Comrade Corbyn to the fore - whither (or wither) the Labour Party?

**** know what country you live in, but in the UK there are a lot more than two parties to vote for plus a few independents.
Labour and the Tories have shared power long enough. We had a blip with Clegg's Liberal Democrats and that all but destroyed his party. Now we are back to normal.

Voting for other parties is valuable and can force change but don't pretend that we live in anything but a two-party state. The only people alive today who were born in Britain under a non-coalition government that are not the usual suspects are Bessie Camm and Olive Boar, who are 113 years old.

Everybody else younger than those two ladies has seen nothing but Labour and Tory governments.
 
Labour and the Tories have shared power long enough. We had a blip with Clegg's Liberal Democrats and that all but destroyed his party. Now we are back to normal.

Voting for other parties is valuable and can force change but don't pretend that we live in anything but a two-party state. The only people alive today who were born in Britain under a non-coalition government that are not the usual suspects are Bessie Camm and Olive Boar, who are 113 years old.

Everybody else younger than those two ladies have seen nothing but Labour and Tory governments.
Im not pretending we dont live in a two party state, I know that we dont.
A two party state would have two parties, we have about 35.
 
No you don't.
Because that way you lose direct representation via a constituency MP.
And your party's seats in the house are the top X names on their list.
So IF a member is a potential moonhowler, like the Labour candidate for Worcester, or an old-school-tie Tory, but gets enough internal party votes, they'll be high on the list and guaranteed a seat, as opposed to going toe-to-toe in a constituency where they'd be hande their ass by the opposition.
Not so: the "alternative vote" system is one where you're still voting for a constituency MP in exactly the same manner as now, only if no one candidate gets 50.1% of the vote, voters' whose first preference came 3rd or worse then have their "alternative" choice of candidate come into play.
It's still not perfect viz national share of the vote but far better than FPTP.
 
So what proportion of those suspended or accused of anti-semitism are Muslim then? Here’s a clue, whilst it’s there, it’s not a big one.
One would almost think Labour didn't want to address antisemitism amongst a certain religious demographic within the Party for fear of losing their support...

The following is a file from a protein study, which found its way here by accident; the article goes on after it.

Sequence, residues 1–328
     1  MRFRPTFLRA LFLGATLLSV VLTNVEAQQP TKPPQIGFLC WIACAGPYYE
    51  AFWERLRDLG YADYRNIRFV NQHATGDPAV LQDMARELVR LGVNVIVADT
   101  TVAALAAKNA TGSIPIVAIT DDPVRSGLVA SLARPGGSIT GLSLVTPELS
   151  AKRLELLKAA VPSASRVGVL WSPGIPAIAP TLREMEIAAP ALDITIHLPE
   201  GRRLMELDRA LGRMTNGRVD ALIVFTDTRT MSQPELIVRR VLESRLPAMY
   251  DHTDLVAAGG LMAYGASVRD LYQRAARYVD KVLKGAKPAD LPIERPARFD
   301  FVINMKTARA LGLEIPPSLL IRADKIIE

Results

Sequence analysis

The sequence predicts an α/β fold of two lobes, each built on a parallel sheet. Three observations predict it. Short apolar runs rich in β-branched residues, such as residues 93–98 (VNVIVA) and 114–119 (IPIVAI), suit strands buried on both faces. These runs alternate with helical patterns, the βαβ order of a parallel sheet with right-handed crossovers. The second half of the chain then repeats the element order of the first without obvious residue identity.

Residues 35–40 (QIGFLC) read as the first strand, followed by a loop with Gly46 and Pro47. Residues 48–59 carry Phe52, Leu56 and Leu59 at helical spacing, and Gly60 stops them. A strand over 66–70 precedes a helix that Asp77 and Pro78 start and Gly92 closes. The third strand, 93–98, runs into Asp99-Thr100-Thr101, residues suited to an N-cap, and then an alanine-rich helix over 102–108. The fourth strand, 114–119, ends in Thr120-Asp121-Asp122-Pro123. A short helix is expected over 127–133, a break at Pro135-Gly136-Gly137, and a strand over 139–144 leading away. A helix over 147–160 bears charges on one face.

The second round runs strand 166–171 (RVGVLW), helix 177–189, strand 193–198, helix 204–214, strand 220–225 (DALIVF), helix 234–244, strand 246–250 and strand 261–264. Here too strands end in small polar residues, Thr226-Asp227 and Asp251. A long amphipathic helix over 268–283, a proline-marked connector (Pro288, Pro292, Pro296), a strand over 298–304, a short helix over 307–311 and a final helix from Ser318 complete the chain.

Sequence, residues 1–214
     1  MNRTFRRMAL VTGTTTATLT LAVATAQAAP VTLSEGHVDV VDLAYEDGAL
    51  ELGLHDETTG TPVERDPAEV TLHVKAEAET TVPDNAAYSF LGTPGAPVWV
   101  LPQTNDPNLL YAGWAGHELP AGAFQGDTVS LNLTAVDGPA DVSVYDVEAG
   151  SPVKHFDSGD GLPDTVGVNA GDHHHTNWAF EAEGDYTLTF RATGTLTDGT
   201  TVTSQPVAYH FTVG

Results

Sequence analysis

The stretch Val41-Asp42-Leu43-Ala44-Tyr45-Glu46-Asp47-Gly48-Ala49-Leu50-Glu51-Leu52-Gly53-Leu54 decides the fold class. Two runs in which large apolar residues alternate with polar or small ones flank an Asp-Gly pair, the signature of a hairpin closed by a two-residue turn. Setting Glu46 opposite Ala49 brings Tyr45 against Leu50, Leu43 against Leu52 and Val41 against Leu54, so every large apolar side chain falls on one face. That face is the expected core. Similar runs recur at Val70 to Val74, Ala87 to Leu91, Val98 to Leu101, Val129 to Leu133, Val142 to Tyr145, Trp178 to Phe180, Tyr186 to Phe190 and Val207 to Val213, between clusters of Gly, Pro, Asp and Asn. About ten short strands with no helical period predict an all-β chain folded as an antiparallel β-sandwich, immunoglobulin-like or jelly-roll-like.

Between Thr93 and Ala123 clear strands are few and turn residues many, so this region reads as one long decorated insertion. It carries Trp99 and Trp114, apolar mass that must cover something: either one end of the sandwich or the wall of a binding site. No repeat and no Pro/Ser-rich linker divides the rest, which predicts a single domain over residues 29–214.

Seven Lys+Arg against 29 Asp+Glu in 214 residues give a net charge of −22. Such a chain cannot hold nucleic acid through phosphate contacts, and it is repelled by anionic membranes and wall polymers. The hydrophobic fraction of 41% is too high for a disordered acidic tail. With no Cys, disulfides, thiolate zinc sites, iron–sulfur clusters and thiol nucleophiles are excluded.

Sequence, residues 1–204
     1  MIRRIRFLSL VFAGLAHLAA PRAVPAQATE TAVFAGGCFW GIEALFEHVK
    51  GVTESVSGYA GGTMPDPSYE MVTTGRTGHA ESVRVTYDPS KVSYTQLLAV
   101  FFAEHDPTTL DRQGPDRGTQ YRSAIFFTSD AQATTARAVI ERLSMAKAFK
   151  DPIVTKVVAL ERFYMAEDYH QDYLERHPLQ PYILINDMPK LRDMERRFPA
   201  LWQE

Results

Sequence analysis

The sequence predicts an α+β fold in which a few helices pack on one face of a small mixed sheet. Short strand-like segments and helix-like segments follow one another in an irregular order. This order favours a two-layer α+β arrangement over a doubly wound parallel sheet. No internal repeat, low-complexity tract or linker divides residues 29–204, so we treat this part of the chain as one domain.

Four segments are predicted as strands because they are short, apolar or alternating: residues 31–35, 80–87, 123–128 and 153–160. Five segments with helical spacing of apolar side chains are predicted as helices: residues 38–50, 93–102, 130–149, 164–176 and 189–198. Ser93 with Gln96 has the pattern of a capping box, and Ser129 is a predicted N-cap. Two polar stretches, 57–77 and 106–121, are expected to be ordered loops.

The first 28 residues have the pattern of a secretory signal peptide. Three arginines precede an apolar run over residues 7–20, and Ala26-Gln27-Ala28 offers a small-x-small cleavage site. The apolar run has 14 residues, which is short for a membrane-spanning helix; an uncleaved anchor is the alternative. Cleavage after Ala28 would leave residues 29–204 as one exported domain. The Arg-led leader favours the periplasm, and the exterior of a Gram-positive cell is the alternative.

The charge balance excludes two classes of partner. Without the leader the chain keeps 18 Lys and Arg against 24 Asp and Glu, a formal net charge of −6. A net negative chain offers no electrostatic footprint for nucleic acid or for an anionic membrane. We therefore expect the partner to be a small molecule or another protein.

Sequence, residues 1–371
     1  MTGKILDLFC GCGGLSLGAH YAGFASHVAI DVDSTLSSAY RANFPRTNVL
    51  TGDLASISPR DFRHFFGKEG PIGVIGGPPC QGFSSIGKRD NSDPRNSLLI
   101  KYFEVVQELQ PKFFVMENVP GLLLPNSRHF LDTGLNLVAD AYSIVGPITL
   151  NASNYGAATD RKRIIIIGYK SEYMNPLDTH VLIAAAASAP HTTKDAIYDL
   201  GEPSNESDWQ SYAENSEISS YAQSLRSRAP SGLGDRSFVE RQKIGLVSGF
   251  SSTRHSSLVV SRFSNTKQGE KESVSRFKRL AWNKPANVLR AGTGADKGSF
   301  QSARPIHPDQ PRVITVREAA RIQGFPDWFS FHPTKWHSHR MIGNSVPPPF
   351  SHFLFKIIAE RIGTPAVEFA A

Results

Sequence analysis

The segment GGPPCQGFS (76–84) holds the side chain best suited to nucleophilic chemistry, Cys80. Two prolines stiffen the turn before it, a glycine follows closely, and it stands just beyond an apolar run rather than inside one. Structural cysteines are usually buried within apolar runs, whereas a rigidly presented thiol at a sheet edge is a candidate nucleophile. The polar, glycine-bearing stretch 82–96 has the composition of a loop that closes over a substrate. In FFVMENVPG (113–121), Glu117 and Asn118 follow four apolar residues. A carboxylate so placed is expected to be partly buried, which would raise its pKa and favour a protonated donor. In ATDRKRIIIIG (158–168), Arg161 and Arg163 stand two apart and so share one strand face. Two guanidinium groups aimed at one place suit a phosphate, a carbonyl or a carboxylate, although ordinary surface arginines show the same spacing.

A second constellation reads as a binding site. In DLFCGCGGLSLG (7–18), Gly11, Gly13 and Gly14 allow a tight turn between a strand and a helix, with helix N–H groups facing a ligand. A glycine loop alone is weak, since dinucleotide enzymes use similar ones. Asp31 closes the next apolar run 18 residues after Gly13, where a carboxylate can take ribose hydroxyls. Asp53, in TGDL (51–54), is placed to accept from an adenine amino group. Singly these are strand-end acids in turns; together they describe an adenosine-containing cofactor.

I've just had a look at the BBC News website & in particular their UK & Politics pages.
Apart from one 40 second, sidebar video link, there is no mention of this meeting whatsoever.
I guess its conclusions doesn't fit with the BBC's support for the left, no matter what...
 
Not so: the "alternative vote" system is one where you're still voting for a constituency MP in exactly the same manner as now, only if no one candidate gets 50.1% of the vote, voters' whose first preference came 3rd or worse then have their "alternative" choice of candidate come into play.
It's still not perfect viz national share of the vote but far better than FPTP.
The post you quoted was in response to a call for Proportional Representation. The system you describe is not PR. We already have the system you describe in use for local council elections, and it confuses people, and should be explained a lot better. We also have a hybrid fptp/PR system for the election of MSPs in Scotland where some seats are constituency seats, with voters voting directly for individuals, and some seats are allocated to parties, where the left-over votes for individuals are used to hand out seats to the party of those individuals, and the party decides (beforehand, by means of a list) who gets those seats, which means people can be elected without anyone voting for them.
 

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Ouch...

Jeremy Corbyn himself has associated with Holocaust denial promulgators Paul Eisen and Dyab Abou Jahjah; supported 9/11 conspiracy theorist Stephen Sizer and blood libel cleric Raed Salah; expressed support for a mural with crude stereotypes of Jewish bankers; and Ken Livingstone still has not been thrown out of the party despite his claims about Hitler and Zionism.

Corbyn blames antisemitism on “individuals on the fringes of the movement of solidarity with the Palestinian people”, but never seems to ask why he personally has been so close to people with these views, or if there is anything intrinsic to his own political culture that attracts antisemites.
 
The only people alive today who were born in Britain under a non-coalition government that are not the usual suspects are Bessie Camm and Olive Boar, who are 113 years old.

Everybody else younger than those two ladies has seen nothing but Labour and Tory governments.
Unless I’ve misread your post you’re some ten years out: Asquith led a Liberal government till he formed the first WW1 coalition in May 1915, so there are probably several hundred Britons still alive who were born before then.
 
One would almost think Labour didn't want to address antisemitism amongst a certain religious demographic within the Party for fear of losing their support...
Interesting comment, was in Australia before Christmas and noted comment in press there that the rise in antisemitism in Oz was due to Aus Lab courting the Islamic vote there.
 

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